Drugs Infectious Diseases / Bacteria / Viruses Pharmacy / Pharmacist Women's Health / Gynecology

Reports Of Deaths From Boric Acid Suppositories

There is more than one method for administering medication into the body; however, the most typical methods are taking a pill, drinking a syrup or liquid, or getting a shot. Suppositories are another type of medical device that involve inserting a cone-shaped object into a physiological opening such as the anus or the vagina. Boric acid is a good example of a suppository that is used frequently.

Boric acid is an hydrate of boric oxide that is only slightly acidic and has mild antiseptic, antifungal, and antiviral properties. It also contains probiotics, also known as “friendly bacteria,” (Lactobacilliales), in addition to antioxidants such as vitamin C and vitamin E. Boric acid is a weakly acidic hydrate of boric oxide. Most of the time, it is prescribed as a homeopathic medicine to treat vaginal yeast infections and relieve symptoms like burning, itching, and a “fishy” smell. Its use is most common in the treatment of vaginal yeast infections. It comes in a variety of forms, but the suppository is by far the most common one.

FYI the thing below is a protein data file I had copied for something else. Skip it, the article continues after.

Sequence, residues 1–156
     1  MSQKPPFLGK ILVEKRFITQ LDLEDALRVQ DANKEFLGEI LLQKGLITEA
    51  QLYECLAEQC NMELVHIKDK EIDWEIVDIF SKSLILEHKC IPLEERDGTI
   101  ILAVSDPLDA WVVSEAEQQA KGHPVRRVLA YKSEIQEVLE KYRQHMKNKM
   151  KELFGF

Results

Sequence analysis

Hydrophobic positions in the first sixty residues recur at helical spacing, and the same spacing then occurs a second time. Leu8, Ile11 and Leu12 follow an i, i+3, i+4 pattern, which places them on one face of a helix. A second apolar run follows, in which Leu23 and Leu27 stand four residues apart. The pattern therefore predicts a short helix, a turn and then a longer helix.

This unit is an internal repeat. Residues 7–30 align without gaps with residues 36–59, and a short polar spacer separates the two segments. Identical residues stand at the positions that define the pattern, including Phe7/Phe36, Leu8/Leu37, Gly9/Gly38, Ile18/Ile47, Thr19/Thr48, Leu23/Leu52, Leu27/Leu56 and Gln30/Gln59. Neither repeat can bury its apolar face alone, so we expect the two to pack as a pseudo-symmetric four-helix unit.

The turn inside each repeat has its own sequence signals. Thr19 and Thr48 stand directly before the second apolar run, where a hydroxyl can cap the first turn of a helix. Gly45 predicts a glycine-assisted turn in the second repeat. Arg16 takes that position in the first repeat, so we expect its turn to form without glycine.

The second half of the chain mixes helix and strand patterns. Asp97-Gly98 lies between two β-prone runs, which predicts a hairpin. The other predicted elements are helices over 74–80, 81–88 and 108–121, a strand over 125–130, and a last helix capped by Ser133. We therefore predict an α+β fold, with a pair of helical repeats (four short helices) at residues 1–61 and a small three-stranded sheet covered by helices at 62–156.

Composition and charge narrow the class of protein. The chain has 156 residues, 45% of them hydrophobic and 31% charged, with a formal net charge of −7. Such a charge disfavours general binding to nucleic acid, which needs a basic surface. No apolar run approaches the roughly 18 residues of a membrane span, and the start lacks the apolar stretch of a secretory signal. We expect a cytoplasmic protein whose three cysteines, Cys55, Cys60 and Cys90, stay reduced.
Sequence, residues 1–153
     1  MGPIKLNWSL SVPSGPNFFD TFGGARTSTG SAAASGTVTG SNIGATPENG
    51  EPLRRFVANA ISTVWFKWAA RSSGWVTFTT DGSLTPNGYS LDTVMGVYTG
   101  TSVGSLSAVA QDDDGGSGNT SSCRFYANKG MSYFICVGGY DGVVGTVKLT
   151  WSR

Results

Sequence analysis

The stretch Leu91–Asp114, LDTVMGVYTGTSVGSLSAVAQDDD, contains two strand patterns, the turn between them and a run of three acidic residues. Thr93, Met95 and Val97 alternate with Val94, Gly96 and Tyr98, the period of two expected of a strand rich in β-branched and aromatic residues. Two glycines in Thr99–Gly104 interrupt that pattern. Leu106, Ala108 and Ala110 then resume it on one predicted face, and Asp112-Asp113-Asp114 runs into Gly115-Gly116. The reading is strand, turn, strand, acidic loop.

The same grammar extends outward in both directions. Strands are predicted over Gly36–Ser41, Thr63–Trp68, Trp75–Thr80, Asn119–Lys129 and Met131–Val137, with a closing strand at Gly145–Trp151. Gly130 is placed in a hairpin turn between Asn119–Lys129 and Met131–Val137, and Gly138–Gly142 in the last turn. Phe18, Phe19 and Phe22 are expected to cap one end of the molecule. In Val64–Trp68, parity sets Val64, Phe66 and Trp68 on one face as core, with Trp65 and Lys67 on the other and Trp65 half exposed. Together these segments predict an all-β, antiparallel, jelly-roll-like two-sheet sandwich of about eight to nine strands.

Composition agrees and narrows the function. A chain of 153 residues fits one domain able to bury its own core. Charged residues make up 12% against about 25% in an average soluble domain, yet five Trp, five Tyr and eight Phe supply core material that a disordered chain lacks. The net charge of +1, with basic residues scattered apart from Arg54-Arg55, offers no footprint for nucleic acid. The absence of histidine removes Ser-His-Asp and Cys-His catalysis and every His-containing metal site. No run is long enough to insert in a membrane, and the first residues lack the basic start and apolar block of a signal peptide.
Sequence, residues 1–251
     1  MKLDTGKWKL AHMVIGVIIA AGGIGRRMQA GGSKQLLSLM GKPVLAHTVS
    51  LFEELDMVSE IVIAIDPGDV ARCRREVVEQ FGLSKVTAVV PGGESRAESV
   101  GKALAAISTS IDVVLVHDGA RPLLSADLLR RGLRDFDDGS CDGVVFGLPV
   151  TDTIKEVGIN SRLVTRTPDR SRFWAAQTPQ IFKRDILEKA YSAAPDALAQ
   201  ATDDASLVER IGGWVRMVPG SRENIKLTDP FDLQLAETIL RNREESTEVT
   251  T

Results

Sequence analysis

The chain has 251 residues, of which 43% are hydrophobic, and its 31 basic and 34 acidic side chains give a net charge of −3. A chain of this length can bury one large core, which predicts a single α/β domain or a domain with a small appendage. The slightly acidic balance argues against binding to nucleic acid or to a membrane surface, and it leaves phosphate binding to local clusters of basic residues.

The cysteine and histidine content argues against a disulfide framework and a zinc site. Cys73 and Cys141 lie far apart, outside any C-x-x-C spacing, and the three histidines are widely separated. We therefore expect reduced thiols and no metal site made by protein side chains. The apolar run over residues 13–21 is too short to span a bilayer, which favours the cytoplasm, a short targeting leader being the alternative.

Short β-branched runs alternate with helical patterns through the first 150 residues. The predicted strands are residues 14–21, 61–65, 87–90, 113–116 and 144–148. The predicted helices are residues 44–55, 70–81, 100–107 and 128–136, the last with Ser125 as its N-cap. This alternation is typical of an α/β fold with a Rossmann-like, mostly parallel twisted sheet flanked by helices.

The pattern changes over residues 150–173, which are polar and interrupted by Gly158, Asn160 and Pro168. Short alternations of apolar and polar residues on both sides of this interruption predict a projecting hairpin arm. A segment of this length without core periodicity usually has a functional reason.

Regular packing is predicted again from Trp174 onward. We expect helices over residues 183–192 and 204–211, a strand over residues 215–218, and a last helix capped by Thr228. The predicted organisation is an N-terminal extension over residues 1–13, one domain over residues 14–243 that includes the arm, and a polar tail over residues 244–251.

Boric Acid Suppositories

How Does Boric Acid Work?

In order to determine the efficacy of boric acid, additional research is required. Some women have a recurrence of their symptoms. Check with your healthcare provider to determine whether or not you will need to keep taking boric acid for the next few months in order to have symptom relief.

How Does Boric Acid Suppository works?

A suppository with boric acid works differently than a regular suppository. Instead of putting it in your anal sphincter, it is a type of medicine that is meant to be put in the vagina. These usually come with an applicator to make them easier to use.

Suppositories are meant to treat the local area better than oral medications. Once the suppository is put in correctly, it dissolves inside the body to let the drug out. The drug then travels through the bloodstream to other parts of the body.

How quickly do boric acid suppositories work?